The Imitation Game Press Conference

The Imitation Game

Today sees the opening of the BFI London Film Festival 2014 with the screening of The Imitation Game. Director Morten Tyldum, screenwriter Graham Moore, and stars Benedict Cumberbatch and Keira Knightley were in London to discuss the film…

On Alan Turing as a figure of history

Benedict Cumberbatch: This has been an extraordinary decade for him [Alan Turing] because of his pardon, because of his centenary, because of exhibitions and books, and now this film. It is part of a momentum to have him at the forefront of the recognition he deserves, as a scientist and as the father of the modern computer age, as a war hero, and as a man who lived an uncompromising life.

Morten Tyldum: When I read the script, I was shocked about how little I knew. You know, why wasn’t he on the cover of history books.

On the character of Alan Turing

Graham Moore: I have been obsessed with the story of Alan Turing since I was a teenager. I was like enough to get to know the story of this tremendous person who accomplished all these things I knew about. As a fan of him, I always wanted to see an Alan Turing movie.

Morten Tyldum: To me, this is a movie about outsiders. It is a movie about somebody who is different, who thinks outside the box. He was an unsung hero who achieved so much. It is about a guy who was ahead of his time.

On opening the London Film Festival

Benedict Cumberbatch: It’s amazing to open the London Film Festival. I have always wanted to spend more time at the LFF, and to be upfront and centre with this film, I couldn’t be more proud of it. To present [The Imitation Game] to London is terrific.

Morten Tydum: It is a great honour. It is great for me to come here and show the film to a British audience.

The Imitation Game opens the BFI London Film Festival on 8th October 2014. See here for a live stream of the red carpet footage.

Film Review: The Imitation Game

THE IMITATION GAME

Director Morten Tyldum’s The Imitation Game is an engaging character study, which is sumptuously executed.

As World War II breaks out, academic Alan Turing is interviewed for a secretive position in Britain’s war effort. Alan and a team of talented mathematicians are tasked with breaking the ‘unbreakable’ enigma code used by Germany to transmit messages…

Alan Turing’s story is one that was kept quiet for so long, that even now the mathematician does not receive the recognition he deserves for his contribution to history. The Imitation Game makes a very good effort at rectifying this. It is a story that needs to be told.

The carefully crafted narrative is what makes The Imitation Game so engaging. The film jumps between pivotal periods in Alan Turing’s life. This works well to exhibit his personality, and the motivations that drive him in his task. The non-linear nature of the film creates an element of mystery of how Turing came to be in the position that viewers first meet him, as well as how enigma code got cracked.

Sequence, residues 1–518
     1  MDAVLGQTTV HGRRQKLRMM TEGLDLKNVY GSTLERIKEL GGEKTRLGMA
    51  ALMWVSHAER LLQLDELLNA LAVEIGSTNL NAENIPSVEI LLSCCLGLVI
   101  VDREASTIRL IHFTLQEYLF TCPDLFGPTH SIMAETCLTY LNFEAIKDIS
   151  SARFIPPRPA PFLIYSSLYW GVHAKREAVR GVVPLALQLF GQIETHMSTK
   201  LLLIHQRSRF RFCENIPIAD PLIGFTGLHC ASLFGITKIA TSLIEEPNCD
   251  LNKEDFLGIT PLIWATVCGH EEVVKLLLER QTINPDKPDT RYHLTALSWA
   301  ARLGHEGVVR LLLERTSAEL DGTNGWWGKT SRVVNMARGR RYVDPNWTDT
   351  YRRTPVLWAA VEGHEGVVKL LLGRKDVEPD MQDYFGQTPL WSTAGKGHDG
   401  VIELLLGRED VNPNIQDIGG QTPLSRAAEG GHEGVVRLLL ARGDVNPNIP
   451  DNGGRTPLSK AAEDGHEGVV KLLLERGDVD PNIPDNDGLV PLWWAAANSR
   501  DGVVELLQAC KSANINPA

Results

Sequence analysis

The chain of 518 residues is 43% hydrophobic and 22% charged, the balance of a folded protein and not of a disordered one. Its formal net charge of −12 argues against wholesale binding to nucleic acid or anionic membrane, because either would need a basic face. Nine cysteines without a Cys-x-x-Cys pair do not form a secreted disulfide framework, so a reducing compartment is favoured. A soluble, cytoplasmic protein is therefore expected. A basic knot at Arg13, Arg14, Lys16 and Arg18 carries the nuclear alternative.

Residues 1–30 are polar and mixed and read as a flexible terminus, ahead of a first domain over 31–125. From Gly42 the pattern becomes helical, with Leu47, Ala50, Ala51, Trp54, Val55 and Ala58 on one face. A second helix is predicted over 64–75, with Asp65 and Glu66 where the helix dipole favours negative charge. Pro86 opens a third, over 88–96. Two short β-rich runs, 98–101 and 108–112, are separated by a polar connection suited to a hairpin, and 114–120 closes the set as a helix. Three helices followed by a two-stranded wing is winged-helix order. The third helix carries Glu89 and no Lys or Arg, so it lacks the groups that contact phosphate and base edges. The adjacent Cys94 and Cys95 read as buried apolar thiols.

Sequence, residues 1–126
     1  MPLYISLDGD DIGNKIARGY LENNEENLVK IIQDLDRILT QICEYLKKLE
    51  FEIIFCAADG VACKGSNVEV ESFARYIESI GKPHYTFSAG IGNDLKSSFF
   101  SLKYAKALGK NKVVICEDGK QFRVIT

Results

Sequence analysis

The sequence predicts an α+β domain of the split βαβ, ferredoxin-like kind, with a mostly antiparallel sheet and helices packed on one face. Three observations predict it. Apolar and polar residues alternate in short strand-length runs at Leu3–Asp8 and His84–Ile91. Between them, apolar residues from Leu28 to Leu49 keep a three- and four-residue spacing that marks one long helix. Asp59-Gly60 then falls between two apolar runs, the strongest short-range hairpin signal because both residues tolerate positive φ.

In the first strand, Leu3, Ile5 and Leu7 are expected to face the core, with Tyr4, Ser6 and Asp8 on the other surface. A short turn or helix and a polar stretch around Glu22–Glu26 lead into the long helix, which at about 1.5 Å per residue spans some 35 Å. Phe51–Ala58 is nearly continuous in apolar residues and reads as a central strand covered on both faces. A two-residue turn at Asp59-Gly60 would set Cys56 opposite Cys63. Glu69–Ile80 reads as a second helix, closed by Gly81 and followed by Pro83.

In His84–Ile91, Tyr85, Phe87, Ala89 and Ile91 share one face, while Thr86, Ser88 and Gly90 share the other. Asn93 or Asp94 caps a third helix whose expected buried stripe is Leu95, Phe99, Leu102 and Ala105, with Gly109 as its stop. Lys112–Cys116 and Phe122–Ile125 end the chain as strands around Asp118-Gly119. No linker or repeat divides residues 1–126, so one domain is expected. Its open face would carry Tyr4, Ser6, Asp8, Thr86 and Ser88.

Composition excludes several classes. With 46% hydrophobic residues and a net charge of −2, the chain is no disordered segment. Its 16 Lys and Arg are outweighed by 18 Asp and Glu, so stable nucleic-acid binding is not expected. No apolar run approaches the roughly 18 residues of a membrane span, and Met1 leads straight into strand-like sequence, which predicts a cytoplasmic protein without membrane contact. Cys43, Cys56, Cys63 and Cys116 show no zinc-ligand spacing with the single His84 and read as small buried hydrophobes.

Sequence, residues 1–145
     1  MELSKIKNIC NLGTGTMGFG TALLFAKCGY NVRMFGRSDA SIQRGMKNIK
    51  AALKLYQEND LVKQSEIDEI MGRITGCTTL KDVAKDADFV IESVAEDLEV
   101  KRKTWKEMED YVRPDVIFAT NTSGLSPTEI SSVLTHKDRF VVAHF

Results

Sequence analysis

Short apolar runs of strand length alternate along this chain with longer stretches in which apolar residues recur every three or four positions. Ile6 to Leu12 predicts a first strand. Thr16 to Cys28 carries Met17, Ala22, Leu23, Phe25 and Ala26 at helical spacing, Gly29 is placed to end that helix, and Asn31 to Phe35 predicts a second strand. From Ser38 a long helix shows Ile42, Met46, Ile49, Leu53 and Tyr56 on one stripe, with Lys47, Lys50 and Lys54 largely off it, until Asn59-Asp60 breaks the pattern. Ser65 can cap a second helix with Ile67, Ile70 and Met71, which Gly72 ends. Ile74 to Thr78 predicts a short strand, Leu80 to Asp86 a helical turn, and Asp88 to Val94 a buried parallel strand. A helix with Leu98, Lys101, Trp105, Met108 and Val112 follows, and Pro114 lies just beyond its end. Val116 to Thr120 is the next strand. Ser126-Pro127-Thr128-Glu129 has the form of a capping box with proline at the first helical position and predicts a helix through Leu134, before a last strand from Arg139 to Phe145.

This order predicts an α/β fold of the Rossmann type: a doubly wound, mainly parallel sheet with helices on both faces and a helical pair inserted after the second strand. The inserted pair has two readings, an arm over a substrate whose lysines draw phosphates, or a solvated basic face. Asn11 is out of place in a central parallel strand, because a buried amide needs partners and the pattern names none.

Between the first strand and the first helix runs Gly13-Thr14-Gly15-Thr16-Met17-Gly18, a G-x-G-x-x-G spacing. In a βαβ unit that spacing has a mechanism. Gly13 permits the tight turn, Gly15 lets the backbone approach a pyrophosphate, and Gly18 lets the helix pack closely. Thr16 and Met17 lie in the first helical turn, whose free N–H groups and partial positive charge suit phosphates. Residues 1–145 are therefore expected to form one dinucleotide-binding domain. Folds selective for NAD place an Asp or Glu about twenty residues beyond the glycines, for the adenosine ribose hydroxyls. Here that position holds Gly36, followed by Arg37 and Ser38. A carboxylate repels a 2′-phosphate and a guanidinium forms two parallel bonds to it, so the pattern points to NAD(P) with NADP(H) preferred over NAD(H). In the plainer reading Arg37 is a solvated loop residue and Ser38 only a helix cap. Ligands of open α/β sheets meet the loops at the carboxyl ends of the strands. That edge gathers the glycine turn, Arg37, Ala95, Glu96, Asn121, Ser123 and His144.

The strand of Turing’s sexuality is an important one, which is given significant attention by the script. This is particularly significant, given the recent pardon. Much is made of the importance of what Turing achieved, rightly so, however The Imitation Game also recognises the importance the protagonists sexuality had to play in his life and the struggles of the period.

Brief sequences of conflict, devastation and archive footage are included, presumably to emphasise the importance and urgency of what the team were doing. These feel unnecessary; there are few who will not appreciate the enormity and wide-reaching effects of that war. The aerial sequences appear a little inauthentic. They have the look of animation rather than reality. Alexandre Desplat score is excellent.

Benedict Cumberbatch delivers a strong performance as Alan Turing. The unease and sharpness of the character are aspects Cumberbatch has delivered before. Mark Strong is well cast, as is Matthew Goode.

The Imitation Game is an excellent portrayal of what Alan Turing achieved during WWII. Not neglecting the role others had to play, the film is utmost the story of Turing; a long-overdue tale.

The Imitation Game opens the London Film Festival on 8th October 2014.

Film Review: Headhunters

Based on Jo Nesbø’s novel, Headhunters is implausible but tremendous fun. Morten Tyldum’s crime thriller is highly recommended.

Roger Brown is a successful headhunter who lives in a swish apartment with his beautiful wife. In order to afford their extravagant lifestyle, Roger steals valuable portraits from clients, replacing them with forgeries. When he meets ex-mercenary Clas Greve at his wife’s art gallery, Roger thinks he has found his next target…

Morten Tyldum directs Headhunters with deftness. Action scenes are suitably frantic, and the film maintains a steady pace throughout. Although Headhunters can be tense at times, there is an underlying irreverence to the film. The action sequences never lose their sense of frivolity, despite a certain brutality to them.

Headhunters is a heady mix of creativity and predictability. There are some highly amusing moments in the film. Most will pick up the clues to see where the ending is going. This is not too much of a detraction, as Tyldum retains the fun factor. The central character Roger is fallible in his insecurities. He appears inferior to nemesis Clas in terms of looks and success; in this way he is more of an every man despite his questionable morals.

Headhunters offers sleek production values and cinematography. Performances are decent all around Aksel Hennie and Nikolaj Coster-Waldau are well cast as Roger and Clas; both are sufficiently believable in the roles. Headhunters is recommended fro those who like their thrillers tinged with humour.

Headhunters is being screened at the BFI London Film Festival in October 2011.